Elon Musk Trumps Warren Buffett In Today’s Japan

With all due respect to Shinzo Abe’s family and colleagues, I’m just so done with the late politician’s era in Japan.

The former prime minister’s July 8 death—at the hands of a crazed gunman—generated a bull market in where-to-now stories. Odd really, as Abe’s nine years in power divided over two governments—one from 2006 to 2007, the other from 2012 to 2020—was more about returning Japan to the 1980s than propelling the nation forward.

Tokyo really should’ve left “trickle-down economics” in the past, which is what, let’s face it, Abenomics ended up being. Now, as the globe wonders what Prime Minister Fumio Kishida might do to reawaken Japan’s animal spirits, an unlikely inspiration is stepping forward: Elon Musk.

This suggestion might sound strange to readers observing the world’s richest man appear to destroy a company—Twitter Inc.—he claims he wants to buy. Or observing Tesla Inc. veer away from the big bitcoin stake Musk had been hyping.

Here in Japan, meantime, Musk managed to offend the masses with a May tweet about demographic Armageddon. Musk argued: “At risk of stating the obvious, unless something changes to cause the birth rate to exceed the death rate, Japan will eventually cease to exist. This would be a great loss for the world.”

Yet it’s Musk’s battery partnership with Japan Inc. icon Panasonic Corp. that holds big potential to change dynamics in an aging and uncompetitive nation. Almost singlehandedly, Musk is reminding Japan that its future should be less about making cars than profiting from investing in sustainable ways to power them.

Musk’s relationship with Osaka-based Panasonic is, well, complicated with lots of drama and ups and downs. A good starting point is 2014, when Musk set up his $5 billion Gigafactory in the Nevada desert. One of his first calls was to battery pioneer Panasonic. Over the last 104 years, few tech companies amassed a more storied history of innovation and reinvention.

Over the years, Panasonic gave the world cutting-edge appliances, lighting, radios, televisions and, most importantly, some of the most advanced research and development on compact and powerful rechargeable batteries.

Now, Panasonic is breaking ground on a massive $4 billion battery plant in Kansas to increase its bet not just on Tesla but on America’s accelerating shift to electric cars and trucks. According to Governor Laura Kelly, it will be among the most ambitious battery-plant projects in U.S. history and the “largest private investment in Kansas history.”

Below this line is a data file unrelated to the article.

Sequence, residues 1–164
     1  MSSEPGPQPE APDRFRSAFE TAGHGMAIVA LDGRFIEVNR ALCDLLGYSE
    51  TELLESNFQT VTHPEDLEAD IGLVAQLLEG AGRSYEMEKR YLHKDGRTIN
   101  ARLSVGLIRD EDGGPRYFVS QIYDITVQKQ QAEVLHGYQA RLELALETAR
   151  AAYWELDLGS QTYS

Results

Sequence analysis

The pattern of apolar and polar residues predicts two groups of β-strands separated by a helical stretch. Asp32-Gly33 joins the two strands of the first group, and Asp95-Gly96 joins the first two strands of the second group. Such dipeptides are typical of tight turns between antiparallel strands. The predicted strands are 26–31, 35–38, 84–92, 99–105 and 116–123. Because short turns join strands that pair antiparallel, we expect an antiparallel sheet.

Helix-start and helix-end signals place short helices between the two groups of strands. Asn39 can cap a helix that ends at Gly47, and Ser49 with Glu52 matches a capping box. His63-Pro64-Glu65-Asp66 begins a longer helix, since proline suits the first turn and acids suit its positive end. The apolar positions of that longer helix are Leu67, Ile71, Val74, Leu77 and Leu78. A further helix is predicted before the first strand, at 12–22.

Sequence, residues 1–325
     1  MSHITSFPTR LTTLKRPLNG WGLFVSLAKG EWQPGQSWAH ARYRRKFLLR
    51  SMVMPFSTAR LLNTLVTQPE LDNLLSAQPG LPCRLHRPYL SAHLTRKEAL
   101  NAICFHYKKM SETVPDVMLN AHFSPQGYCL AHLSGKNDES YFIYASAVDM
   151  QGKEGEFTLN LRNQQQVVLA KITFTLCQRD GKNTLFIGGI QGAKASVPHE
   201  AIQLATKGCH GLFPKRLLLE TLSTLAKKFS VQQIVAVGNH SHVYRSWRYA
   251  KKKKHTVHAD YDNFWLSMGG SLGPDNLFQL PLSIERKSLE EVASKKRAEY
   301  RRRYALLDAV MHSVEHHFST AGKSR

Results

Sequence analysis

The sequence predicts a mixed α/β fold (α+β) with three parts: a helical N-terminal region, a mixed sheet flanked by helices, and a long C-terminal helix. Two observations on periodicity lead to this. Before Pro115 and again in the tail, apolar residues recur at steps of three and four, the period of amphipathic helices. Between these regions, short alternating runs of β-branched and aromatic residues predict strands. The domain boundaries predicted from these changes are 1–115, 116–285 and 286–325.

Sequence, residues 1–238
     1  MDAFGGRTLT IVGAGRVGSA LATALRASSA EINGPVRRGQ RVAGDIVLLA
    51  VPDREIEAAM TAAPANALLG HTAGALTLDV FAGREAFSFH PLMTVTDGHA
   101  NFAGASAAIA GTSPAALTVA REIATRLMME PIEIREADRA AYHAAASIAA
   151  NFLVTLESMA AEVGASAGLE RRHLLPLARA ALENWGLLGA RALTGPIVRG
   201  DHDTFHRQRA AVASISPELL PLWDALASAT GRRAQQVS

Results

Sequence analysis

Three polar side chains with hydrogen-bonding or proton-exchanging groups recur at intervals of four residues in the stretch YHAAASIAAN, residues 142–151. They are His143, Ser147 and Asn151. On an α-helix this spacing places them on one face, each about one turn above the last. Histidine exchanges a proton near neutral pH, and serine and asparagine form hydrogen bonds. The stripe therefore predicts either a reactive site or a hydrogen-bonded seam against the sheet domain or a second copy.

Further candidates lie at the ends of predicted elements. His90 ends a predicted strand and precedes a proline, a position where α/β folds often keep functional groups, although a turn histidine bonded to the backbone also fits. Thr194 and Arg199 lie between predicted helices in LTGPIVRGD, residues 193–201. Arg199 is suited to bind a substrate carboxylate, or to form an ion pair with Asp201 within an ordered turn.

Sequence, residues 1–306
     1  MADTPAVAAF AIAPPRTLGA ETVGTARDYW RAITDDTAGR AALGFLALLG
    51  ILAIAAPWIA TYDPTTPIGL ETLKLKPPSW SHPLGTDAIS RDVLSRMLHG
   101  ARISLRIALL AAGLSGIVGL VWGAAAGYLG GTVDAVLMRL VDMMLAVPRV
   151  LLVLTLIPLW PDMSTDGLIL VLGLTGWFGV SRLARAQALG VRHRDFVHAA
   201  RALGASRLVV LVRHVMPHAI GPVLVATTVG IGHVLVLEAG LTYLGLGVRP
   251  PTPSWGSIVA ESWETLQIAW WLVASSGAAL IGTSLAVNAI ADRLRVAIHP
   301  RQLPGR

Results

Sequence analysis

Yet Panasonic’s bet—and Musk’s doubling down on the company—also reminds Japan Inc. that the most lucrative industry of the present and the future is devising new ways for a few billion Asians to grow economies rapidly without choking. Panasonic is but one reason Japan seems uniquely qualified to lead the charge on carbon-neutral power sources.

Sadly, Abe and his Liberal Democratic Party spent the last 15-plus years doubling down on nuclear power. Yes, reactors produce renewable energy. But the Fukushima radiation crisis of 2011, and Japan’s vulnerability to seismic shocks in general, turned the population against nuclear power.

Abe spent his 2012-2020 premiership working to reopen reactors, not incentivizing alternatives. Since Russia’s invasion of Ukraine, surging energy prices have Kishida doing his own bit to get reactors back online.

Fair enough. But Kishida should be leaning into Musk’s interest in Japan’s economy, which trumps Warren Buffett’s investments here in recent years.

In August 2021, the “Oracle of Omaha” finally got over his infamous aversion to investing in Asia’s second-biggest economy. The $6 billion-plus bet made by the 91-year-old’s Berkshire Hathaway was in five old-school trading houses the world had largely forgotten: Itochu Corp., Marubeni Corp., Mitsubishi Corp., Mitsui & Co. and Sumitomo Corp. That’s partly because some of them date back to the 1850s.

For Buffett, these “sogo shosha” businesses are diversified, cash-rich and unloved enough to make them a solid value investment. But the part of Japan Inc. that intrigues Musk holds far more promise to disrupt Japan’s change- and risk-averse corporate and political cultures—and create millions of high-paying jobs.

As post-Abe Tokyo picks up the pieces, Kishida should go big on reinvigorating Japan’s innovative engine. Panasonic, founded in 1918, is Exhibit A for discussions of how Japan Inc. once dominated global tech. Kishida’s first reform priority should be catalyzing a startup boom, particularly in the renewables space.

In recent weeks, Kishida laid the groundwork for allowing the $1.45 trillion Government Pension Investment Fund, the largest entity of its kind, to help raise Japan’s tally of tech “unicorns.” When it comes to producing startups valued at $1 billion or more to disrupt corporate systems, Japan is trailing India, Indonesia and South Korea by a wide margin.

Ironically, the globe’s most important venture capitalist is a Japanese national. And yet SoftBank Vision Fund’s Masayoshi Son deploys very little at home. Plenty in Bangladesh, Brazil, China, Columbia, Finland, India, Indonesia, Kenya, Spain and Taiwan. But only small amounts in aging, low-productivity Japan.

Kishida pledges to change that by aiming Japan not at 1985, as Abe did, but 2025 and beyond. Love his antics or not, Musk is showing Japan which sector holds the greatest promise.

Now, Kishida has his own election mandate to take out for a ride. He could do worse than take Musk’s hint and rechange Japan’s innovative batteries.

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